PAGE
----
Emphasizing Instructor Presence in Digital Learning Environments

Emphasizing Instructor Presence in Digital Learning Environments

Rachael Olubukola Afolabi (Carlow University, USA)
Copyright: © 2016 |Pages: 18
DOI: 10.4018/978-1-4666-9995-3.ch003
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Abstract

The role of the instructor in any learning environment is a good motivator for students. It is important to understand how the instructor's position can be viewed in the online learning environment. The principal role of the instructor in any learning environment is to assist students in making connections and identifying significance through an educational process. This chapter, examined from an instructional designer and instructor's point of view, sets out to explore the effectiveness of the online teaching presence as an adequate investment of time for the student's benefit.
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Introduction

Teaching online has evolved through a myriad of structures without following a particular set of standards in course structure or development. The expectations of traditional teaching is defined and understood when a student comes into a pre-set venue at a pre-set time to listen and learn from an instructor who gives a lecture on a particular topic in a field of study usually in a degree track. With online teaching, several institutions have adopted the “self-paced” and/or an asynchronous, student-centered education model. While the asynchronous method has proven successful in many online learning environments, there is a gap in the instructor and or student relationship and mentorship that learning should provide.

Until recently there have not been a set standards set up for the purposes of teaching online. The International Association for K-12 Online Learning (iNACOL) formerly known as the North American Council for Online Learning, have established themselves as essential resources for educators by compiling research, advocating for positive policy changes and helping to create effective standards. iNACOL designed a National Standards for Quality Online Teaching to provide states, districts, online programs, and other organizations with a set of quality guidelines for online teaching and instructional design (Kennedy & Archambault, 2012). The initiative began with a thorough literature review of existing online teaching quality standards, a cross-reference of standards, followed by a survey of iNACOL members and experts to ensure the efficiency of the standards adopted.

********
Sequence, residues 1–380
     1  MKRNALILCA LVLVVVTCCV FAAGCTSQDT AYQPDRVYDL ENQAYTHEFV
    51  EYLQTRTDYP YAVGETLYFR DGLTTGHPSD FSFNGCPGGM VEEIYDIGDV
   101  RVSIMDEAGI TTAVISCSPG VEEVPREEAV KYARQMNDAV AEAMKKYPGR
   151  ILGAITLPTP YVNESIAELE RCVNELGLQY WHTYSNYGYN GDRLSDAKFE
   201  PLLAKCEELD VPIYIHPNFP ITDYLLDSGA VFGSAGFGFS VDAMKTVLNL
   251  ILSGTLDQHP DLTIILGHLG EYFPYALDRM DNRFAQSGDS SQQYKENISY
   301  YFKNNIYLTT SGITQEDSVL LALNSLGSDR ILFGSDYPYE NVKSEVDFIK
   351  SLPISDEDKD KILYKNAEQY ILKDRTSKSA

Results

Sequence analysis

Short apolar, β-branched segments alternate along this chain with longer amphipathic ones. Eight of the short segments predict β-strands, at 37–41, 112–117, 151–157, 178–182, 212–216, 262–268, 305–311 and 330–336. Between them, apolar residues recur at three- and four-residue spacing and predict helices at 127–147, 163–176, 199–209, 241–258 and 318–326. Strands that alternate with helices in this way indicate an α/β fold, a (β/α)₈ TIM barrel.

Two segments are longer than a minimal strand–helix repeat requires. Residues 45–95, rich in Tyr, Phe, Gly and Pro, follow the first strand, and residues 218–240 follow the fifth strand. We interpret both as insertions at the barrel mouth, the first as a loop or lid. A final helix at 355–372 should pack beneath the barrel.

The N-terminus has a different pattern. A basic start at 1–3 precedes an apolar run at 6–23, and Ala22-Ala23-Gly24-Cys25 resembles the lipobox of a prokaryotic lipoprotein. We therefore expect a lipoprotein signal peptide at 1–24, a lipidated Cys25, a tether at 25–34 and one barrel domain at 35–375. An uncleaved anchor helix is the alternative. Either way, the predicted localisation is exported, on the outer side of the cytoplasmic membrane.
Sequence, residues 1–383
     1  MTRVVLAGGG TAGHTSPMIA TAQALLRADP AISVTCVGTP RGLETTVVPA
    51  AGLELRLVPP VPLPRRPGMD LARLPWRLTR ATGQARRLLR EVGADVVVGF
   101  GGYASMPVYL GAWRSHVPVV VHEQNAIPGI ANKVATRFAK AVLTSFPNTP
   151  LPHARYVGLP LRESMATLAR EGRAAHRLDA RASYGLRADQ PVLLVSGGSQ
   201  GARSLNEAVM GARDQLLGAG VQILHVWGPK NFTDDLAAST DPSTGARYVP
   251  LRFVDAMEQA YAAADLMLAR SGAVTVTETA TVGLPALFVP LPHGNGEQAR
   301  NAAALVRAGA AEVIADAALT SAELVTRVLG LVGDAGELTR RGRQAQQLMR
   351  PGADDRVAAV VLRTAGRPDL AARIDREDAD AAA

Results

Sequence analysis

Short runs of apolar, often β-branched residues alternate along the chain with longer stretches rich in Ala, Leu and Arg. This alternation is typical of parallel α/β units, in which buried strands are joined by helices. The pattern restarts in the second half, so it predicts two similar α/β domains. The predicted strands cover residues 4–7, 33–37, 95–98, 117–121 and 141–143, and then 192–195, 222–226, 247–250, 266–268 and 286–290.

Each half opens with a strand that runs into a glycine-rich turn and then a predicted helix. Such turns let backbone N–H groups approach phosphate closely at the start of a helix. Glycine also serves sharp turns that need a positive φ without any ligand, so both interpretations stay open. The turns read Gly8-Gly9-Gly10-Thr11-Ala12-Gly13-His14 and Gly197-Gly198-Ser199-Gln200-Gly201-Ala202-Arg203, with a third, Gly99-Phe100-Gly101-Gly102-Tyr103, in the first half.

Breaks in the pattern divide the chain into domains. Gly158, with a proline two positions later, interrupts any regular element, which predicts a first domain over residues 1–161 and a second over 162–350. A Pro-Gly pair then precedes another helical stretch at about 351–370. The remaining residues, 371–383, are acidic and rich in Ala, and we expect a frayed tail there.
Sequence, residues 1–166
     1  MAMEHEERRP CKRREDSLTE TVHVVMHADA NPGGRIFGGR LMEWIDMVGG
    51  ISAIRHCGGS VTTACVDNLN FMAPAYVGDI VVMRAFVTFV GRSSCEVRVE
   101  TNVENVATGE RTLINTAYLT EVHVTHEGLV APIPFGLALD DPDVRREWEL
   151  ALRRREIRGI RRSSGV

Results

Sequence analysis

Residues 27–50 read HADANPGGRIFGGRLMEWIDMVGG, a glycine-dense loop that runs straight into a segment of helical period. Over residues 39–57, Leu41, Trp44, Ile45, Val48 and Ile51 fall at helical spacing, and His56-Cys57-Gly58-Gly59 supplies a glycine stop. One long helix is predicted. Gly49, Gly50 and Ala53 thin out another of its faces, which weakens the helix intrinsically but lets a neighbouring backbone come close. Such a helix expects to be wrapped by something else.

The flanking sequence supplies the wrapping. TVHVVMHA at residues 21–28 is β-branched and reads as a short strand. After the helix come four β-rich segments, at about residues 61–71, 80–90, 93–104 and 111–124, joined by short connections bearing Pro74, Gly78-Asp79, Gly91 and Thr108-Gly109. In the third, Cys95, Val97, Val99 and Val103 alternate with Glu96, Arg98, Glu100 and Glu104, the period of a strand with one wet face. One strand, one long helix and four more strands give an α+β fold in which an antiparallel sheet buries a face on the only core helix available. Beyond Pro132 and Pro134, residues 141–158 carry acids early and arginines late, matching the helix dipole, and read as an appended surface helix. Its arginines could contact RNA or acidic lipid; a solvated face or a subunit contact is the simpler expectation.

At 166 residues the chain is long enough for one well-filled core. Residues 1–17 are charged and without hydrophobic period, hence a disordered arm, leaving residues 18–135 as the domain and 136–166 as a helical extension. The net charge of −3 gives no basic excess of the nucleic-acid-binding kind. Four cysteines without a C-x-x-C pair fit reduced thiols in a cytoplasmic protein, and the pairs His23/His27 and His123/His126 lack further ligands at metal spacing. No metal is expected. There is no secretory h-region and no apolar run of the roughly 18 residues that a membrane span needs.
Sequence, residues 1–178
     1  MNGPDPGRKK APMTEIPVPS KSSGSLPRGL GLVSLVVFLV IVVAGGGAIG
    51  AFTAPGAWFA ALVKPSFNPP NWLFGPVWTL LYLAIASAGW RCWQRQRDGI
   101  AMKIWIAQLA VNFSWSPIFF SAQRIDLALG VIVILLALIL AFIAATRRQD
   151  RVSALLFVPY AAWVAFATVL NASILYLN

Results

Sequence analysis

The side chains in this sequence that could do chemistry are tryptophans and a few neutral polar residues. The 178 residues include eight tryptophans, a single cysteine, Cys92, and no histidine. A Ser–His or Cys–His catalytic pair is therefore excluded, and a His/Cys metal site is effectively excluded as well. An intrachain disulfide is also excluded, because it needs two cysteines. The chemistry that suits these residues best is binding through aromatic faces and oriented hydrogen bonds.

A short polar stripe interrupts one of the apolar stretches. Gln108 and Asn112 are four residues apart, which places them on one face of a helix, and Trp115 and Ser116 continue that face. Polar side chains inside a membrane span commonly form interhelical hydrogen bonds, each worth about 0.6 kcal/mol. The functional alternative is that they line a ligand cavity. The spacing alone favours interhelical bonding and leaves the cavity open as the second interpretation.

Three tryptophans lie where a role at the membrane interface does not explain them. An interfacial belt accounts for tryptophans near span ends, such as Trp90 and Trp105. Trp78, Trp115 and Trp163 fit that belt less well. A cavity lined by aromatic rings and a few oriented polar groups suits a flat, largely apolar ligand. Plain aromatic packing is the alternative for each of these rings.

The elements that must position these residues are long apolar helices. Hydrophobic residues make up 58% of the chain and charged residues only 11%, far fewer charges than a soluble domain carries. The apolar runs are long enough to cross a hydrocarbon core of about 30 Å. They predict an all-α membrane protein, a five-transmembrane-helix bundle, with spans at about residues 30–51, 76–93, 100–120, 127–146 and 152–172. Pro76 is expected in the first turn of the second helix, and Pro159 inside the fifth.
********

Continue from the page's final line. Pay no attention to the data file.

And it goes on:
Part of the results that yielded from this survey revealed that online technologies for learning can provide active learning for students; however, using the technology alone is not enough to foster learning. It is important that online instructors redefine the methods utilized in the traditional classroom by enhancing existing pedagogical practices within a technology based environment.

One of the “seven principles” for good practice in undergraduate education which was first established in 1987 by the American Association for Higher Education identifies one of its components as “encourage student-faculty contact” (Hudgins, Orellana & Simonson, 2009). While these principles were designed and formed as a foundation for the traditional classroom, they are an important consideration of instructor practice in the online classroom.

The role of the instructor in any learning environment is a good place to start and align how those positions can translate into the online learning environment. The principal role of the instructor in any learning environment is to assist students in making connections and identifying the significance through an educational process. According to Anderson, Rourke, Garrison, and Archer in Preisman (2014), teaching presence consists of three critical roles for the instructor which are as follows:

  • 1.

    The first responsibility is the designing and organization of the learning experience, which takes place prior to and during the run of the course.

  • 2.

    Secondly, instructors are responsible for the creating, implementing, and the monitoring of activities that encourage communication and interaction between the students, teachers, and content resources.

  • 3.

    Finally, instructors must contribute academic knowledge and relevant experiences through forms of direct instruction.

The above roles of the online instructor align back to these three positions. This chapter, examined from an instructional designer and instructor’s point of view, sets out to explore the effectiveness of the online teaching presence as an adequate investment of time for the student’s benefit. The motivation behind this chapter arises from observations from an instructional designer while working with faculty to create online courses. The perspective and perceived notion of several instructors is that online learning is more demanding and time consuming than face-to-face instruction (Bollinger & Waslik, 2009; Harber & Mills; 2008, Worley & Tesdell, 2009). This usually poses a challenge for instructional designers to decide on the best use of educational technology and instructional choices not only to meet the student learning outcomes, but also to be a smart investment of the instructor’s time.

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